Vibrant Long-Ago Era Comes Back to Life at Lost River Museum


As Shirley Jones casually looked at a replica of a mine tunnel built with weather-worn timbers at the Lost River Museum, receptionist Lela Warner warned her.

“Fire in the hole,” Warner shouted before pushing a button at the nearby kiosk. The sound of a dynamite blast reverberated throughout the museum in Mackay, a town nestled in central Idaho’s scenic Lost River Valley, where the state’s tallest mountains tower to the east and west.

Startled, Jones jumped, then grinned, at the lifelike experience of working in a mine.

Seeing her reaction, museum curator Earl Lockie smiled.

“Everyone  loves  that  sound  effect.  Mick Hoover,   our   special   effects   expert,   wired  in   lighting  and  sounds  to  make  the  exhibits realistic.”

The nearly 5,000-square-foot museum, operated by the non-profit South Custer County Historical Society, opened last spring at its new location, 109 Main Street in the former Western Store hardware building.

More than a dozen themed displays re-create a vibrant glimpse into life a century ago in the valley when the economy depended on mining and ranching.

Exhibits focus on long-ago movie theaters, schools, early-day businesses, a typical pioneer homestead, military uniforms, musical entertainment, old-time fashions, farming and ranching, an early newspaper and print shop, and a large gallery of historic photos.

“This is a first-rate museum with how the exhibits are organized,” said Jones. “It’s impressive what volunteers in a small town can accomplish. They’ve kept their local history alive.”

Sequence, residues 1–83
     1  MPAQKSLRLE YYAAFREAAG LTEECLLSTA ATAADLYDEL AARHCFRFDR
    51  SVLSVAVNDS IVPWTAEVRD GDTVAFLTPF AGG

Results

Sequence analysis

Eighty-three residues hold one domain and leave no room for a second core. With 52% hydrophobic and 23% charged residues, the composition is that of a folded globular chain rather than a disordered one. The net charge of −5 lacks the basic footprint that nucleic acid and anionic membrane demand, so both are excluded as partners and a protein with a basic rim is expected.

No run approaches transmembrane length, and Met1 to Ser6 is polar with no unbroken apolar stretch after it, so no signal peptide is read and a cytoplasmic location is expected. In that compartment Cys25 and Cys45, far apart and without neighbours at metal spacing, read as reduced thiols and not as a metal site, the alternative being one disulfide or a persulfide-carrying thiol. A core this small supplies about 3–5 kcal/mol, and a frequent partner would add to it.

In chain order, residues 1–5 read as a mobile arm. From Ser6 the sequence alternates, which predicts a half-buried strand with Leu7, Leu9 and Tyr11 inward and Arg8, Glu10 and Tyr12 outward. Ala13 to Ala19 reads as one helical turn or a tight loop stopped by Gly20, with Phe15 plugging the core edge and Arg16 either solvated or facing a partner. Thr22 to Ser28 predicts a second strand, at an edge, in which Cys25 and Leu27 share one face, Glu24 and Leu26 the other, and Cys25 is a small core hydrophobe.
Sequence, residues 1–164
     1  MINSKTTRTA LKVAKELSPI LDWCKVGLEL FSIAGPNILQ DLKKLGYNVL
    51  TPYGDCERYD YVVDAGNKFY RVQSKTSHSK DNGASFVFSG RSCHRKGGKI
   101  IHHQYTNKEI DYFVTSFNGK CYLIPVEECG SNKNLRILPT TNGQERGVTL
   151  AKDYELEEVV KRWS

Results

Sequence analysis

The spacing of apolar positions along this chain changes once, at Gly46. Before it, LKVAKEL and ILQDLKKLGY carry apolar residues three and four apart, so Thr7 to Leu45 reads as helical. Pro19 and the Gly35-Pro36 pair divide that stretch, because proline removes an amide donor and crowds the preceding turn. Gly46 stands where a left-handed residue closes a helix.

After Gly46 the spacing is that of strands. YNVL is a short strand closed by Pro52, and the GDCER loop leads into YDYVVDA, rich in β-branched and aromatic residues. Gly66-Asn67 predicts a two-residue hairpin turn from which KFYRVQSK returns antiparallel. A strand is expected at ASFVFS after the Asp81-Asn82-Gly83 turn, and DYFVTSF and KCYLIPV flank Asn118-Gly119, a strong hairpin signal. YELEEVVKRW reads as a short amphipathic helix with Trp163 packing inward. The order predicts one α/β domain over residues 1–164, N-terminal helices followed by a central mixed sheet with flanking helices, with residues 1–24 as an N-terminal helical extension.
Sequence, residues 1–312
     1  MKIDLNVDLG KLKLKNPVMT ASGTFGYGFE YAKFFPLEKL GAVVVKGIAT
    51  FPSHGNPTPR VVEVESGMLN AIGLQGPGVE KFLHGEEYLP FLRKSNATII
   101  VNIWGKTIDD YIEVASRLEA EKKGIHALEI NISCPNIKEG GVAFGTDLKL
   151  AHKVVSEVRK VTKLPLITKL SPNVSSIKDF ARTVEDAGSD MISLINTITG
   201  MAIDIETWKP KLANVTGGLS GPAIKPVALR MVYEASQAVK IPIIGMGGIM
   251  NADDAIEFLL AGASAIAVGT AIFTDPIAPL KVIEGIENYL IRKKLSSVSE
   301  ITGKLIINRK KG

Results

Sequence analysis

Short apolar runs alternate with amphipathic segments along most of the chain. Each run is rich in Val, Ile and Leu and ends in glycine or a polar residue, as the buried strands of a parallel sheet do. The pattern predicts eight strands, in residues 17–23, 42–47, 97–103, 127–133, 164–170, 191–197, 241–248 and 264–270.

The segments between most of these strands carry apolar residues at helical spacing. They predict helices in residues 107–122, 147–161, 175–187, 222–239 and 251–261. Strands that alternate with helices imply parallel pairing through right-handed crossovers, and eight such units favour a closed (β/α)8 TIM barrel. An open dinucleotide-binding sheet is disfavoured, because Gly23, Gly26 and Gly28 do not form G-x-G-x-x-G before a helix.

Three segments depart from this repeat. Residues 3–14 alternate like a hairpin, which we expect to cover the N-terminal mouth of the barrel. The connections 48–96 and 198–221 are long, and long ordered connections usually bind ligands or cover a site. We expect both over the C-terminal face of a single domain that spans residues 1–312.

Retirees Lockie, Dave Wilson, and other volunteers renovated the building, a labor of love that took 2½ years.

The original museum, a small, uninsulated wooden church, opened in 1987 with donated items. With limited floor and wall area, there was not enough room to display all the items in collections.

In the fall of 2014, the owner of the hardware store decided to close and sell his building. Lockie, Wilson, and other volunteers renovated the building, paying for new building materials with grants and donations.

“It was a perfect location and size, so the society used its savings of 25 years and bought it outright with all the shelving and fixtures inside,” recalled Lockie. “What we couldn’t sell, we gave away. It took months to clean out and prepare it for conversion to a museum. Members of the Preservation Committee were a tremendous help in tearing out and removing the old ceiling and floor tiles.”

While  volunteers  were  working  one  day, local  insurance  agent  Jim  McKelvey dropped  by.

“We realized he had a great voice, so we drafted him as a narrator,” said Lockie. At several displays, visitors can push a button to hear historical information about mining, the railroad, and the newspaper.

“We thought we’d have plenty of room, but it has filled quickly,” said Lockie. “If people want to donate something, a committee will decide what to accept, using strict criteria. It has to be unique or historic.”

Wilson said the work is not quite done.

“We’ll develop some hands-on exhibits for students on field trips,” he said. “We want to promote the museum as a destination during the school year.”

As for the future, Wilson and Lockie smiled as they envisioned it.

“We’ll probably never be completely done with the work here,” said Lockie. “There will always be something to do with the displays or rotating different historical items. So many people have helped make this happen.”

The museum is open by appointment for groups of four or more at any time. Call 588-4500. From May through September, it is open 11 a.m. to 4 p.m. Friday and Saturday.

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